A discourse-theoretical approach offers additional ways in which one may conceive of such meta-level claims, whereby the emphasis shifts from their descriptive or normative content (as in the case of the boundary judgments at which I just hinted) to the kind of discursive (and sometimes also non-discursive) obligations they entail, that is, to the ways in which they can and need to be redeemed. To this end I basically propose to rely on the model of speech-act immanent obligations advanced by Habermas (1979, 1984; see my account in Ulrich, 2009c,d). In this model, we can distinguish a basic non-discursive or pre-discursive claim – that an utterance be phonetically and grammatically, perhaps also semantically, clear and understandable – and three equally basic, genuinely discursive claims – to the empirical truth and descriptive accuracy of what a speaker says; to the normative rightness and legitimacy of its value assumptions and implications; and to the authenticity and sincerity of the speaker's intention. Habermas focuses on the latter three validity claims, as in his view only they demand, and allow of, discursive justification – the claims to truth, rightness, and truthfulness. Implicit is the speaker's additional claim that he is prepared to substantiate these claims by advancing relevant evidence or reasons, if challenged to do so, and thus to demonstrate what Habermas calls "rational motivation," that is, the will to rely on no other force than that of convincing arguments. Claims to truth accordingly imply an obligation to provide evidence of relevant facts; claims to rightness, an obligation to justify underlying norms or principles of action; and claims to truthfulness, an obligation to prove trustworthy. All three claims need to be redeemed argumentatively, that is, by entering into discourse and offering reasons for one's claims, as well as by taking up and responding to the counterarguments of others; truthfulness, in addition, calls for consistency of the speaker's previous and subsequent behavior.26)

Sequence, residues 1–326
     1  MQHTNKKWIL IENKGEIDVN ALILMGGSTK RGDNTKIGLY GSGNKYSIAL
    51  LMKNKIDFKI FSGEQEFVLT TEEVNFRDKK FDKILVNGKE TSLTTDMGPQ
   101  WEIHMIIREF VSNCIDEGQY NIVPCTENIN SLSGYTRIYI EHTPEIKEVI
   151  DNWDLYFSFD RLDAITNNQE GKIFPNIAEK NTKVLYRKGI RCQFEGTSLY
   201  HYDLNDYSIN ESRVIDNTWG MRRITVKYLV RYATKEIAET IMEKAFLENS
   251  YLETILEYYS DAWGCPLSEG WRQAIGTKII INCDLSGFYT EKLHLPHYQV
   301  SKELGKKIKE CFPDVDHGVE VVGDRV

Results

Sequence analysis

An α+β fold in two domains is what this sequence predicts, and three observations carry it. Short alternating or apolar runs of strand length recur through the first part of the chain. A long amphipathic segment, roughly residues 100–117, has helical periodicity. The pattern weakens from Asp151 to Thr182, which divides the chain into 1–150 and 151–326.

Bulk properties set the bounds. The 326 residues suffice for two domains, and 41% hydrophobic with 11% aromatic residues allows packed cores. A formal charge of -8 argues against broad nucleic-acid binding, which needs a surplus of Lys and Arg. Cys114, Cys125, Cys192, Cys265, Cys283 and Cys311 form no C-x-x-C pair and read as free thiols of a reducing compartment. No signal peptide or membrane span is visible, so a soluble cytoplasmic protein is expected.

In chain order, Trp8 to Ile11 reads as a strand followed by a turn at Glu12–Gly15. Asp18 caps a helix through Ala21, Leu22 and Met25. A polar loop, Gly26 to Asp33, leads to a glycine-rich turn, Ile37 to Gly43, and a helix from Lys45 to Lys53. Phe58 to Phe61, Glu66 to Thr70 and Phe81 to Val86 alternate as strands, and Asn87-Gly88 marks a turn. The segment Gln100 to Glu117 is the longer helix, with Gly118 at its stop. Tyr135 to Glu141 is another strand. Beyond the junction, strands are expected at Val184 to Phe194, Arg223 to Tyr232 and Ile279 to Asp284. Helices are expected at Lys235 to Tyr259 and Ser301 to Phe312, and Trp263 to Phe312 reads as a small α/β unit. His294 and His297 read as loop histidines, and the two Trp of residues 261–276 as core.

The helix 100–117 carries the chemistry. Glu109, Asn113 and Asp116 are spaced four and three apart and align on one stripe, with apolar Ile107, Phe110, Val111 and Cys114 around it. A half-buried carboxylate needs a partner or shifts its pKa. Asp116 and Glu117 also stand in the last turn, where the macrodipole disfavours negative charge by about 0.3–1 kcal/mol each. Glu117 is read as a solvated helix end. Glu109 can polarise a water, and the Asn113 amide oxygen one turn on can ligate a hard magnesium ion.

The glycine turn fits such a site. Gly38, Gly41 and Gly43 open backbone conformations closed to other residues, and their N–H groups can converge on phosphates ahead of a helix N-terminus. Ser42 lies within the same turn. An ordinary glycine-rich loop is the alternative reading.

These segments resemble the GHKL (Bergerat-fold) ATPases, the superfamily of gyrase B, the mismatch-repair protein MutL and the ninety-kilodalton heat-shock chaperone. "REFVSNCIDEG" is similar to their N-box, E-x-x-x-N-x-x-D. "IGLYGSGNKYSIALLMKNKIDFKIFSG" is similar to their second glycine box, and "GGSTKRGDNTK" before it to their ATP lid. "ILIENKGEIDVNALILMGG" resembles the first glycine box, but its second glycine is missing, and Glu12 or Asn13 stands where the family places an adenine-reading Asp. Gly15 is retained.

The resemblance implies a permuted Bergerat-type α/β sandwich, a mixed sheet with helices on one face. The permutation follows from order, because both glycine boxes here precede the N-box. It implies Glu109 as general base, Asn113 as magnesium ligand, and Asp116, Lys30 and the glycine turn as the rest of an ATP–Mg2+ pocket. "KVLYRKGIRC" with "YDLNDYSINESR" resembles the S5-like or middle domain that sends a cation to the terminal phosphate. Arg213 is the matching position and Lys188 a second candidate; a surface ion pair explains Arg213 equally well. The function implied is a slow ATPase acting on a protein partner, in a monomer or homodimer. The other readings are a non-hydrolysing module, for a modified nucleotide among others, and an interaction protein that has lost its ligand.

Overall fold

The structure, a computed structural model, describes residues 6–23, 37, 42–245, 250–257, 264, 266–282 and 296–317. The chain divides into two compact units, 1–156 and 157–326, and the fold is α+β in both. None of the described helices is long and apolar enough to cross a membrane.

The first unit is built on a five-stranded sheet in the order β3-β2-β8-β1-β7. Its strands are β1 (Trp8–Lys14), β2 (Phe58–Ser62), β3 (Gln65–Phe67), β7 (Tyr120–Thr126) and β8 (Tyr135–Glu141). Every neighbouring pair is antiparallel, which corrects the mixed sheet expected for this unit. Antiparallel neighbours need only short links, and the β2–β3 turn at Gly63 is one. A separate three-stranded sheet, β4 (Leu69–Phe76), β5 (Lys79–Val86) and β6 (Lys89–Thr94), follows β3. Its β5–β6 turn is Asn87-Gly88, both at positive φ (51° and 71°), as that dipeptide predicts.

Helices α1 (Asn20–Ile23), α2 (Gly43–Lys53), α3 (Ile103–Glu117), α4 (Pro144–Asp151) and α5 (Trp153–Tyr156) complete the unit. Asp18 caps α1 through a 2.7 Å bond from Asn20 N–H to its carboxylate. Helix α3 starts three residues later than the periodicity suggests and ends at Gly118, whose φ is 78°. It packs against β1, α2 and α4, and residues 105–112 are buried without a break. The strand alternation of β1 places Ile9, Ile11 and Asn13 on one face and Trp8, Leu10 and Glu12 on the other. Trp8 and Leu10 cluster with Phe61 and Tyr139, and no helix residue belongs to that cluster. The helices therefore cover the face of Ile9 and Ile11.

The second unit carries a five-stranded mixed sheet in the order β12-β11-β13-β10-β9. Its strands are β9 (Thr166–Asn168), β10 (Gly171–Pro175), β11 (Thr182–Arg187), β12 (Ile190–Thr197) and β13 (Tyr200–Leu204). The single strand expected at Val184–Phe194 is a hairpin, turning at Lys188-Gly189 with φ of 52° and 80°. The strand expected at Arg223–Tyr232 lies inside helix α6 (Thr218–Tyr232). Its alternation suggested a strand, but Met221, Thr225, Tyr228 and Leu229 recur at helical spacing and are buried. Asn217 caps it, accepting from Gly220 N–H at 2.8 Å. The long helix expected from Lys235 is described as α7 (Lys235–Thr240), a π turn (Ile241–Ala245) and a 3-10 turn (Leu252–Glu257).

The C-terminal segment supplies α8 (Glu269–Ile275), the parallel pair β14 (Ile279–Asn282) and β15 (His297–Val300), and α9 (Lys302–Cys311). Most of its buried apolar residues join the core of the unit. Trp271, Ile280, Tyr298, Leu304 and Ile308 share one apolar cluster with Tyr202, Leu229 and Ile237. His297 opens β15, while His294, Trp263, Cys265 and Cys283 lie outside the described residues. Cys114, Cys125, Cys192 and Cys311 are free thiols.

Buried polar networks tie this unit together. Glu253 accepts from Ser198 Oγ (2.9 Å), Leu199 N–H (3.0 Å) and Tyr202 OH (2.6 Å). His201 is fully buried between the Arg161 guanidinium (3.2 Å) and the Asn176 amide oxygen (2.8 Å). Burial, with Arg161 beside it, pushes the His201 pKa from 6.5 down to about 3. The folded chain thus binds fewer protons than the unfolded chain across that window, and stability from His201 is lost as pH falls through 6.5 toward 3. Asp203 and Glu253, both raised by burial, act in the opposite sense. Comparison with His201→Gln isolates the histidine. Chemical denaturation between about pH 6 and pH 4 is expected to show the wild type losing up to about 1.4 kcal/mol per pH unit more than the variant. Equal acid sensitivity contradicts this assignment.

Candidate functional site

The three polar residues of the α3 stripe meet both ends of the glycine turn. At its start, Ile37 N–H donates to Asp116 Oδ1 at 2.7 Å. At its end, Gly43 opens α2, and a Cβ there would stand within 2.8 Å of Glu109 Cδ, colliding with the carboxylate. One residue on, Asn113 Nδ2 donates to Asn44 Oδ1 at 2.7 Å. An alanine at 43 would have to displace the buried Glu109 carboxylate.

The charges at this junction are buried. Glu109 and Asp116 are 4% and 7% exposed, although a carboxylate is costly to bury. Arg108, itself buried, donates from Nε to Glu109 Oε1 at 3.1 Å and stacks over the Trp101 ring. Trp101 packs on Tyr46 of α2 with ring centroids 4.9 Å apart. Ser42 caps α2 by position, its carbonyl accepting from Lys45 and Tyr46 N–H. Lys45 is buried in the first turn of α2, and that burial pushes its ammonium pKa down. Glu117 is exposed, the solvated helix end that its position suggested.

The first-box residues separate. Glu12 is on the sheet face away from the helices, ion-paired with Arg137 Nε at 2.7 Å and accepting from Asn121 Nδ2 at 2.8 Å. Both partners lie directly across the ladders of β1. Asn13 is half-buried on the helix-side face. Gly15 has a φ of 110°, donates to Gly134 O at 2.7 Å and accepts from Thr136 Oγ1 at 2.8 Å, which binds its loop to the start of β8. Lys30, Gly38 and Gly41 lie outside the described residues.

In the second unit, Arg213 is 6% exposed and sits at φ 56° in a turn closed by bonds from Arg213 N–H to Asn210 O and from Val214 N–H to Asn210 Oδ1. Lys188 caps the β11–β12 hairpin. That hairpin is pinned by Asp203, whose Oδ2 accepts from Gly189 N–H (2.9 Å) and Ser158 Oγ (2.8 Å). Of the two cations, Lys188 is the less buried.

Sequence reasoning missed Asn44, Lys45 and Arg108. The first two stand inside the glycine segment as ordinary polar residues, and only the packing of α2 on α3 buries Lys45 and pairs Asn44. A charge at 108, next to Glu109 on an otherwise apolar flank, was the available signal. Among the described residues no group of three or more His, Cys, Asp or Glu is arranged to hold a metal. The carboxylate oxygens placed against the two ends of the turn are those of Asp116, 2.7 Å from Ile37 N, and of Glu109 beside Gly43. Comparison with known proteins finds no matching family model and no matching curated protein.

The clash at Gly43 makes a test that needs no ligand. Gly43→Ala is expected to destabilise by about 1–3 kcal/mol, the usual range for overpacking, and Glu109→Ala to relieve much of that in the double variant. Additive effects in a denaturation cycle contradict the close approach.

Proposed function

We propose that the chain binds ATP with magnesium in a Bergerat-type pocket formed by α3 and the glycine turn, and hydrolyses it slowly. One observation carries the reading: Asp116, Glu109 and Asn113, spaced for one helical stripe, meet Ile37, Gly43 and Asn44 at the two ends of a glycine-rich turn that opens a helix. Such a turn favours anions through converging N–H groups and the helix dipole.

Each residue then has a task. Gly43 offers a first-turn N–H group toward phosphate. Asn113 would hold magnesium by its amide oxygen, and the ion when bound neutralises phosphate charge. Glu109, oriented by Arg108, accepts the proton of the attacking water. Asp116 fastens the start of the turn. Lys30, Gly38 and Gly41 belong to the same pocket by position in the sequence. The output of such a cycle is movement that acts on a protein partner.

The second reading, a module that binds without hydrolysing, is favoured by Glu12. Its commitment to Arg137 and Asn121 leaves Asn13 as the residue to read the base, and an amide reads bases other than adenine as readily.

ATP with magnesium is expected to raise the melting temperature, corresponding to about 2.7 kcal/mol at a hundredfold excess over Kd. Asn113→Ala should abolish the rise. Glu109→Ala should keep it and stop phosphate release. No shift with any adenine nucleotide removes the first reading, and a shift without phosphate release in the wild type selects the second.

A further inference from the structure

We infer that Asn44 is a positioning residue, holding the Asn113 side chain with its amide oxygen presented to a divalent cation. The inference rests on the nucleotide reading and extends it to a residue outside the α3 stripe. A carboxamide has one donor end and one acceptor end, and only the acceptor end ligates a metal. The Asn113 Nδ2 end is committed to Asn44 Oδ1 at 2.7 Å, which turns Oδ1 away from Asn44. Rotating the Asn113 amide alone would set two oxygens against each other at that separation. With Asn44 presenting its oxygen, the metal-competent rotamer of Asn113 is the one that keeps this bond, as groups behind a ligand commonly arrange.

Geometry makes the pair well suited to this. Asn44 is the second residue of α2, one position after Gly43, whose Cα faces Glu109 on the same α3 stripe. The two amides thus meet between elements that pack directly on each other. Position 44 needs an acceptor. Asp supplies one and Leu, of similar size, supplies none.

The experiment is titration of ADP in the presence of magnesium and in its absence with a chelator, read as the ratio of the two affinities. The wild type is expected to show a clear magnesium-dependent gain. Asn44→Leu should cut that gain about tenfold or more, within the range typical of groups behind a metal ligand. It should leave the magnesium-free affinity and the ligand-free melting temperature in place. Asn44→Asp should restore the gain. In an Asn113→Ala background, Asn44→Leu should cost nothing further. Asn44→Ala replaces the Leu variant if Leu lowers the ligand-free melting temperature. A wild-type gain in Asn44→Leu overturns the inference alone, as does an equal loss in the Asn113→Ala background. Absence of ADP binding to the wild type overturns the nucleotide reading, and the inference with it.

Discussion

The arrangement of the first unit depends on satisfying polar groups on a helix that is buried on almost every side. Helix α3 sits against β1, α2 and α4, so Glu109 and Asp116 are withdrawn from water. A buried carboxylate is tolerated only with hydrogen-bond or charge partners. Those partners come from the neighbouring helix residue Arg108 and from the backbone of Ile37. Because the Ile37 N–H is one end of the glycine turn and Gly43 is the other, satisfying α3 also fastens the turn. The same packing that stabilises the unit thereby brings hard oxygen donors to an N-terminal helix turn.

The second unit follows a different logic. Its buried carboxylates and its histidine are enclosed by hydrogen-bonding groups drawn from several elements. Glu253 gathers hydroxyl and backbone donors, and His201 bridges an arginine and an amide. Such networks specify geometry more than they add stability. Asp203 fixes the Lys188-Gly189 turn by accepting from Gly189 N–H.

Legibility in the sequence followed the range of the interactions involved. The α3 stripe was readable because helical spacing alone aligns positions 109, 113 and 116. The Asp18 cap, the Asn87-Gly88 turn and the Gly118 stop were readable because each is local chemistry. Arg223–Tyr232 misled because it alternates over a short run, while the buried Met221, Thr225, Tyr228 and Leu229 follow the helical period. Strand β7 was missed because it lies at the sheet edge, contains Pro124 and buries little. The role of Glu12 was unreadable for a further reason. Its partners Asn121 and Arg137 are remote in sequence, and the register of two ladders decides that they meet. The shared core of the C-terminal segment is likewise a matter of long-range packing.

So much for a basic outline of a discourse-theoretical perspective. This is not the place to provide a more detailed introduction to Habermas' discourse theory or, more specifically, to the Toulmin-Habermas model of rational discourse that I have adopted as argumentation- and discourse-theoretical framework for my work; suffice it to refer the reader to my detailed earlier accounts (see Ulrich, 2009c, d; 2010a, b; and 2013a). Instead, I would like to suggest four more specific, though still fairly elementary observations as to how the proposed discourse-theoretical perspective might enhance our understanding of the Upanishadic concept of jagat; and conversely, how a philosophical rather than religious reading of the Upanishads could enhance our understanding of the discourse-theoretical approach.